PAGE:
A Puppet and Three Talking Heads

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A Mind-Bending Evening of Beckett

 

by Marilyn Lester

 

It can be argued that Irish-born, Parisian-dwelling playwright Samuel Beckett is nothing if not consistently mind-bending. In A Mind-Bending Evening of Beckett at The Irish Repertory Theatre, three of Beckett’s post-modern, minimalist, avant-garde works have been selected to showcase the great man’s vision of the human condition.

 

The first piece, “Act Without Words,” was originally written in 1956 as a solo turn for a (human) mime. In this presentation, Director/Puppet Designer  Bob Flanagan, imagines the character as a marionette, playfully dubbed “Erskine T. Birch.” Erskine is chiefly manipulated by puppeteer Rebecca Leigh Silverman, with help from fellow cast mates Rachel Pickup, Sameerah Luqmaan-Harris and Paul Radki.

 

The action takes place in a desert landscape with illumination – in Beckett’s stage direction, “from a dazzling light.” Finding himself “flung backwards” onto the stage, Erskine rights himself, hears a whistle and moves to respond to it. He’s flung back again and the scene repeats. He looks at his hands, seeing no way to exit. Over the course of the play, the same whistle announces the entrance of several props – a tree, scissors, three cubes of varying sizes, and a carafe of water which is always out of reach, although Erskine valiantly attempts to get at it.

 

“Act Without Words,” in typical Beckett style, is many-layered and meant to evoke many similar layers of audience reaction, particularly that of coping with frustration. Like poor Tantalus of classical myth, Erskine just can’t win. At play’s end, he simply sits down and studies his hands. There is nothing more to do.

 

But while the notion of substituting a puppet for a human mime seems initially engaging, and while the puppeteer(s) deftly handle little Erskine, the end result is a distraction from the intent of Beckett’s parable of human nature. We’re unavoidably aware that the character is not alone, and this undercuts the intent of the playwright to show how Erskine’s solitary existence in the desert, affected by offstage influences he can’t control, informs his behavior.

 

“Breath,” written in1969, was premiered in Broadway’s “Oh! Calcutta!” At a mere 25 seconds long, the curtain rises to a field of scattered rubbish. In this production the sounds are of a baby crying, although Beckett specified “an instant of recorded vagitus,” followed by amplified inhalation and exhalation with an increase and decrease in the intensity of the light, and with a second identical cry and blackout.” The effectiveness of “Breath” was somewhat  diminished with the choice to veer from the Beckett sound design. A confusing short scene prior to “Breath,” in which the cast, in their stage blacks, briefly manipulate the placement of black cubes further distracts from the full impact “Breath” could have imparted.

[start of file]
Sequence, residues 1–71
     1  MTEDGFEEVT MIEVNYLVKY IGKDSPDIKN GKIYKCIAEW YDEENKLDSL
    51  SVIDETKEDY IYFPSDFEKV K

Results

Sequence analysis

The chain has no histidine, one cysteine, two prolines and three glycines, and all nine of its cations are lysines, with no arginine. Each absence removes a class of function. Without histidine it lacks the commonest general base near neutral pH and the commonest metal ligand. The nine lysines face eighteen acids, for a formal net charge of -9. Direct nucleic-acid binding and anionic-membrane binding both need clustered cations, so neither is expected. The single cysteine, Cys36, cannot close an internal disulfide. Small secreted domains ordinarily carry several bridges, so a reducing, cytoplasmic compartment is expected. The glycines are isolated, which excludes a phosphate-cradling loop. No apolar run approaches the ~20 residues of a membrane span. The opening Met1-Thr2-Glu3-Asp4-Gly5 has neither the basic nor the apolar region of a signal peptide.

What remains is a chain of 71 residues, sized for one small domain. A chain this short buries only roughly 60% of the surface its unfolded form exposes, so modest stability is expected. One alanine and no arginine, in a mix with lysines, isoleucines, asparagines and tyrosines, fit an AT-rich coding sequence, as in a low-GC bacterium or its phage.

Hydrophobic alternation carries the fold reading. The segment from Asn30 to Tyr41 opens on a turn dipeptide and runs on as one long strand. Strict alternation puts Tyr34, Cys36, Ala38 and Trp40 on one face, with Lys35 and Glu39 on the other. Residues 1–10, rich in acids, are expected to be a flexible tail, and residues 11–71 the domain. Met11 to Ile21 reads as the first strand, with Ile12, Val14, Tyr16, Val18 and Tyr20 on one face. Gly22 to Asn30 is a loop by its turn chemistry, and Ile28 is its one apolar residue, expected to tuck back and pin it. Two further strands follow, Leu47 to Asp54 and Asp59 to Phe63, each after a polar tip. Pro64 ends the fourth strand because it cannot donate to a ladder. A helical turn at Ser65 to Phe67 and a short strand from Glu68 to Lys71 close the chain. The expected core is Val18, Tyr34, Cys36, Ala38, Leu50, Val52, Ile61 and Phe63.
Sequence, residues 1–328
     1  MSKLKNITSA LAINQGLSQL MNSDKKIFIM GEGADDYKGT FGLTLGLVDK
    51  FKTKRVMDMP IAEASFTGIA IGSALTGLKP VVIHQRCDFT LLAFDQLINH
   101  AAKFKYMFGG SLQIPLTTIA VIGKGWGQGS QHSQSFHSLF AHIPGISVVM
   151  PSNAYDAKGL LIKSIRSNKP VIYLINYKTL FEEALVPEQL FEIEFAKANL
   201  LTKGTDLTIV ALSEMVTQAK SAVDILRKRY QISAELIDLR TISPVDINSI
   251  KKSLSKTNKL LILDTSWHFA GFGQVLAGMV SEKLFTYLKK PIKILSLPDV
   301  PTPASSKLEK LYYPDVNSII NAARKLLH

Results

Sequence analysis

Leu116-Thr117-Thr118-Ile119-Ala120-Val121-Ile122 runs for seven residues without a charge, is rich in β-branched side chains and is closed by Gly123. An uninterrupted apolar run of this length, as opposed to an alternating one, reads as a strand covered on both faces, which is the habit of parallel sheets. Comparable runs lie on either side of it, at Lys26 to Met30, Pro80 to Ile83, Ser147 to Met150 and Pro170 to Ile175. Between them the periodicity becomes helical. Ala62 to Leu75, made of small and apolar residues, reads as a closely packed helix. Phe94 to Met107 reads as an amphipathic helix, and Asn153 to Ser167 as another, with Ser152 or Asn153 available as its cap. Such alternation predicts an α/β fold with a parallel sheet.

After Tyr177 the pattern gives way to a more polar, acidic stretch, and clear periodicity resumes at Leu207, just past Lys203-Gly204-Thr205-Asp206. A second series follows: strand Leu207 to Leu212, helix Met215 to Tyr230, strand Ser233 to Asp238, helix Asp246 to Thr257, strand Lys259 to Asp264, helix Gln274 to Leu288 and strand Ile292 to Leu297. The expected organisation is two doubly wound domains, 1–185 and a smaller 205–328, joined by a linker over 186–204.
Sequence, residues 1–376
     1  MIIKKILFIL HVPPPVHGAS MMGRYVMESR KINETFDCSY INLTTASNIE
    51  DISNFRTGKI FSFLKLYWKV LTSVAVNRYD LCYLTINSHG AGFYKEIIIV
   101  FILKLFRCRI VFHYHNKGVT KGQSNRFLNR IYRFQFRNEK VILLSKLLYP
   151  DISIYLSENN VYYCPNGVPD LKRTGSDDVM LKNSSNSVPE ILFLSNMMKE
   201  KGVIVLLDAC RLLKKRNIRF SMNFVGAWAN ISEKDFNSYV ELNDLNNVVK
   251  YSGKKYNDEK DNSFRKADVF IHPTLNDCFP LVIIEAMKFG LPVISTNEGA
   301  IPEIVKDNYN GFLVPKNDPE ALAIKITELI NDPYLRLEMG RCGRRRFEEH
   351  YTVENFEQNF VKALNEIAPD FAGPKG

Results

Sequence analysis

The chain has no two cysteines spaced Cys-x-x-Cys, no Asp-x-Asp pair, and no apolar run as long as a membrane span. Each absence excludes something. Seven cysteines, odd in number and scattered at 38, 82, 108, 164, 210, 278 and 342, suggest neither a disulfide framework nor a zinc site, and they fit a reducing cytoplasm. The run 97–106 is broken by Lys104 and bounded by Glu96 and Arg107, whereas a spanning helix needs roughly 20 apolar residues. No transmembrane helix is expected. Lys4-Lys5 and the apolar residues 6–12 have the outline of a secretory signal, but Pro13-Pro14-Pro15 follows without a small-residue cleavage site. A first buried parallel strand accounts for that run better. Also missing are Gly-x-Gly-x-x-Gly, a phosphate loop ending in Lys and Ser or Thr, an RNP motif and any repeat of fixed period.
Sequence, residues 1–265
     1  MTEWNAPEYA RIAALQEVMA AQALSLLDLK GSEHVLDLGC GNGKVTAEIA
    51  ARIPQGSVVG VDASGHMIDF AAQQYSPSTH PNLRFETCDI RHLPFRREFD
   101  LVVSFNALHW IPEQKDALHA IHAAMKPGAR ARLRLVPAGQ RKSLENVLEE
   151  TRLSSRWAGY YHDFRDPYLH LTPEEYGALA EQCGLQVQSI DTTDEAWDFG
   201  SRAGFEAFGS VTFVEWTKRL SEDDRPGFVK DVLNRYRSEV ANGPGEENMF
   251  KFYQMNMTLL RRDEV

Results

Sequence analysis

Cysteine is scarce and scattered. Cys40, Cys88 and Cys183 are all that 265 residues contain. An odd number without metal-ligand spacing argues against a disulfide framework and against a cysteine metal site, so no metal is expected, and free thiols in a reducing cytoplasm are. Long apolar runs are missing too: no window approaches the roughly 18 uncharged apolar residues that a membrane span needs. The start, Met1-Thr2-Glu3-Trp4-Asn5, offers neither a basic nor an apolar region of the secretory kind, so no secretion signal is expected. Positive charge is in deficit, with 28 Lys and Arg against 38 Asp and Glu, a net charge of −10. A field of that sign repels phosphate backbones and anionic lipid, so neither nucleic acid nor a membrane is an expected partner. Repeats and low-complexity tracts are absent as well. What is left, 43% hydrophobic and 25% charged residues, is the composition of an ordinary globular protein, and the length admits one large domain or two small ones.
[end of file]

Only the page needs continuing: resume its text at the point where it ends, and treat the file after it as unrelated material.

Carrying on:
In 1963’s “Play,” the last piece of A Mind-Bending Evening of Becket, the curtain rises on three large, identical grey funeral urns, containing the characters Woman 1, Man, and Woman 2. Their faces are made up “to seem almost part of the urns.” A spotlight continually moves to find each talking head; the characters speak in turns in a rapid-fire staccato that Becket specified should sound like a lawnmower.

 

The dialog is sometimes unintelligible, sometimes in fragments, but adds up to the telling of an affair, a triangle, among the three. Each presents his/her own version of the truth until the dialog suddenly stops. Pickup as Woman 1, Luqmaan-Harris as Woman 2 and Radki as Man have deftly mastered the demanding course the playwright has set before them. Their ability to unflinchingly tackle “Play” is a mind-bending feat in and of itself.

 

In sum, A Mind-Bending Evening of Beckett, will not disappoint fans of the playwright, or those willing to explore the territory of the human condition as seen through the lens of the absurd. The intimate setting of The Irish Repertory Theatre’s second stage, the W. Scott McLucas Studio Theatre, is the perfect choice for an up-close and personal view of Beckett’s interpretations of the meaning of life.

 

Direction is by Bob Flanagan, founder of Den Design Studio, a puppet, prop and special effects studio, and Erskine’s creator. The cast features Sameerah Luqmaan-Harris, Rachel Pickup, and Paul Radki and puppeteer Rebecca Leigh-Silverman. Set design is by N. Joseph DeTullio, lighting design by Michael Gottlieb, prop design by Jamie Bressler, costumes/hair/makeup by Andrea Lauer, and music and sound design by Ryan Rumery.  The Production Stage Manager is Elis C. Arroyo.

 

A Mind-Bending Evening of Beckett (75 minutes with one ten-minute intermission) runs through December 1st in The Irish Repertory Theatre’s W. Scott McLucas Studio Theatre (132 West 22nd Street). www.IrishRep.org

 

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